Next stop was Northern Pakistan, this is the place that captured my eye and convinced me to tackle this country alone. It is known as the jewel of the country and is home to 9 of the tallest mountains in the world and just like everywhere in Pakistan at the moment is untouched by tourism. The journey started off as v pleasant until lunch decided to make an appearance. I was violently sick for the journey and was given complementary puke bags (thank god). I survived the 6 grueling hours and was even gifted with some trendy beat ‘like’ earphones by the kind bus man.
Whilst in Islamabad I I freaked out about being hungry in the North and did a massive food shop. Everyone had me warned I was entering the wilderness where there would be absolutely no signal, facilities or shops (a slight exaggeration). My once light back was back to its former South American weight of 20 plus kg. I was gifted a massive rubber mattress from Shavaz which weighed a ton so added nicely to my load.
Once I crawled off the bus I tried to gather myself and figure out where the hell I was going. The town of Naran is brilliant, it is high up in the mountains and was buzzing at 7 am. There were loads of random men on the streets ironing clothes, selling (fake) honey and walnuts. A chaotic que of jeep cars were waiting to take people to the nearby lakes.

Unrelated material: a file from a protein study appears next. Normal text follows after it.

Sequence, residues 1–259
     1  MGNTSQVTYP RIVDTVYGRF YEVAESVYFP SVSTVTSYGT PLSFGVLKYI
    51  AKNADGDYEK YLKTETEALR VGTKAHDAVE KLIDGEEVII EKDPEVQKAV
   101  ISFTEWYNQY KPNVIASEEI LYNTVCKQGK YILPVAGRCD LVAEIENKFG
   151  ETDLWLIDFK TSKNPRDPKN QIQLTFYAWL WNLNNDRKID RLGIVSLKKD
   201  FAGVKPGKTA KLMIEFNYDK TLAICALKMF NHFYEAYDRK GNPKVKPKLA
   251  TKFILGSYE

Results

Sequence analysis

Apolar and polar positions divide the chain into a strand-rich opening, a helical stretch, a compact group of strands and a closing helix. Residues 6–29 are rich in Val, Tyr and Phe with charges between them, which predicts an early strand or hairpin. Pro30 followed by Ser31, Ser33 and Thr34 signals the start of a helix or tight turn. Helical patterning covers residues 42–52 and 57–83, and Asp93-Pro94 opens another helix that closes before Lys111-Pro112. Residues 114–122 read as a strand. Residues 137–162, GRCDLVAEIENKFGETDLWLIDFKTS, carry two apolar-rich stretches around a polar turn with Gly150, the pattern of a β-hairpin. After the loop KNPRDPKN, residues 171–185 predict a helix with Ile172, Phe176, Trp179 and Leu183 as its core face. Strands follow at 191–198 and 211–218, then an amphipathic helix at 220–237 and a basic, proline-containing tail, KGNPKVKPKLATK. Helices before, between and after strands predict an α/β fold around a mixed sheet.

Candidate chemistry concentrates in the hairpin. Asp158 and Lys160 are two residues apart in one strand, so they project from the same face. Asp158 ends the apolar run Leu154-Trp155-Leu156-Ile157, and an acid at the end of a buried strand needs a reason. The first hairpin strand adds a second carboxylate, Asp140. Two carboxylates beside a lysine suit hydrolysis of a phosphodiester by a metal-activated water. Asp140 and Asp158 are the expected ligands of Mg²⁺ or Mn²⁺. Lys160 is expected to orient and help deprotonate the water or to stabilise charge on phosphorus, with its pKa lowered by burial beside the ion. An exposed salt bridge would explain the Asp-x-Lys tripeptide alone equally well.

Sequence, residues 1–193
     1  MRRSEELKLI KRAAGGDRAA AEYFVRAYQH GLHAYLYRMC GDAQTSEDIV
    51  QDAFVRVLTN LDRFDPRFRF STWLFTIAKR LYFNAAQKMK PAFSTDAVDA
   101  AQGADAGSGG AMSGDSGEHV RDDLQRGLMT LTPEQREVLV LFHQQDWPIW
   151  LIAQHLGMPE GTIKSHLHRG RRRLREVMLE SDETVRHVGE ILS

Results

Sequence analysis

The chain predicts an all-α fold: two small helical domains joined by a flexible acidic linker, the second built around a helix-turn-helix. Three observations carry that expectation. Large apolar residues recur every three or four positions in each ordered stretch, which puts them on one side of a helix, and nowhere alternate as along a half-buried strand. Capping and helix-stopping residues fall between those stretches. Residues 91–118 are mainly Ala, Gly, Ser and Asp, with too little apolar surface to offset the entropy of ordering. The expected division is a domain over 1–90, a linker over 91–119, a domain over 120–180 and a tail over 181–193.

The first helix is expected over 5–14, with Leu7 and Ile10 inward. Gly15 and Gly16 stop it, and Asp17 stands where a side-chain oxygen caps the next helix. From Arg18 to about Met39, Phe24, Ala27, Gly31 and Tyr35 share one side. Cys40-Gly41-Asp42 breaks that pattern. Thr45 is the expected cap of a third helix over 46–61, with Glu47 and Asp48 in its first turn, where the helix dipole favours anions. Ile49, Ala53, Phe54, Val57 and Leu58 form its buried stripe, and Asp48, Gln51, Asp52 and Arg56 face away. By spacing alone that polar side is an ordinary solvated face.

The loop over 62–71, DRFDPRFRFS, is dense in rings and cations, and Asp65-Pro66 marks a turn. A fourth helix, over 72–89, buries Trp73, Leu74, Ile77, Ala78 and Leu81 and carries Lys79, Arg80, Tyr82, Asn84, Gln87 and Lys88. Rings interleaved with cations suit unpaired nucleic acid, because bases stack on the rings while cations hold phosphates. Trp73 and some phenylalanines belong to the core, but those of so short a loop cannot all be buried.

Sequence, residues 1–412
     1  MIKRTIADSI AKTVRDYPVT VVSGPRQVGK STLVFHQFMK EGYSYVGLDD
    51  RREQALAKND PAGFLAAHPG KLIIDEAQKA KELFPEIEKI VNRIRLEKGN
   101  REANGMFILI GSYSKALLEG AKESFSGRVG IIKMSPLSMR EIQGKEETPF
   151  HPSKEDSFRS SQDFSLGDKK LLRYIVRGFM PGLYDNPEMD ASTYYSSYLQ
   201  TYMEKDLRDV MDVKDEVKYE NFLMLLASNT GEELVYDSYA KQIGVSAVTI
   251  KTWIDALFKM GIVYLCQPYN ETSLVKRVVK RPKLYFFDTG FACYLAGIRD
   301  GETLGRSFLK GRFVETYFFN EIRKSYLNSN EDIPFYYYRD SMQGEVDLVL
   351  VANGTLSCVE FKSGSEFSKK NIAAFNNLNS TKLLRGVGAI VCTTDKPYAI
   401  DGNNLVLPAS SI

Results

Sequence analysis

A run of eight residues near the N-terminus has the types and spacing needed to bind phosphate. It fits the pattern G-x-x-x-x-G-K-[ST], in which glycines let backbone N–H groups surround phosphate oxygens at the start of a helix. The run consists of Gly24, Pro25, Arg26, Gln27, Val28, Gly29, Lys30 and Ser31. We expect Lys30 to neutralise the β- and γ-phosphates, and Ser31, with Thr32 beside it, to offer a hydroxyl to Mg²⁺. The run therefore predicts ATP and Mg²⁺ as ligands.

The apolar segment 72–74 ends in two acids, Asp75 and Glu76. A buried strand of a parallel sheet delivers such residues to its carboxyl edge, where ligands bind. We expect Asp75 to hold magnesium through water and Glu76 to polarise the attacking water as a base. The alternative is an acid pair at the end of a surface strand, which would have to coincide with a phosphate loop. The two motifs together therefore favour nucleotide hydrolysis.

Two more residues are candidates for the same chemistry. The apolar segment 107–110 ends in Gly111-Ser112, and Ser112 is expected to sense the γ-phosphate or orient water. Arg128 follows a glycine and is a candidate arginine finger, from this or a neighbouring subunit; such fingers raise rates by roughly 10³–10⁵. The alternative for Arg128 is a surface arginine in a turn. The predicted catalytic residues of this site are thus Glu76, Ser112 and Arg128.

I had a successful morning where I managed to buy a new pot for my cooking sessions. I stocked up on some fruit and veg and persuaded the restaurant owner to fill up an old coke bottle with some salt. Delira with my negotiation skills I set off on an adventure.
So the main attraction in Naran is to go visit Lake Salif Moluk. You have the option to take a jeep for €2 up the steep incline or you can obviously hike the 10 km. I choose the later. I knew I was being stupid but I was really in the mood to exercise and needed a challenge and this certainly ticked all of the boxes. After about 5 minutes I started questioning my sanity as the jeeps frantically honked begging me to hop on board. Whenever I told people I was contemplating walking they would just look at me in dis belief and say it was not possible. This obviously made me even more stubborn and I persevered. The hike turned out to be stunning and I took regular pit stops. One of which where I met some local children who lived in the mountain and they invited me in for chai. It was incredible seeing the hut the massive family lived in. They just said stared at me in constant fits of giggles. I must have looked rough.
The most amazing thing happened as I said my good byes. One of the 10-year olds grabbed by 20 kg backpack and wouldn’t give it back to me her younger sibling then grabbed my camera bag and started to walk. I was a little confused but soon figured out they were helping me and refused to hand them over. We walk over glaciers, fields and river crossings. The two girls were as strong as oxes and put me to shame. Such incredible people looking for nothing in return.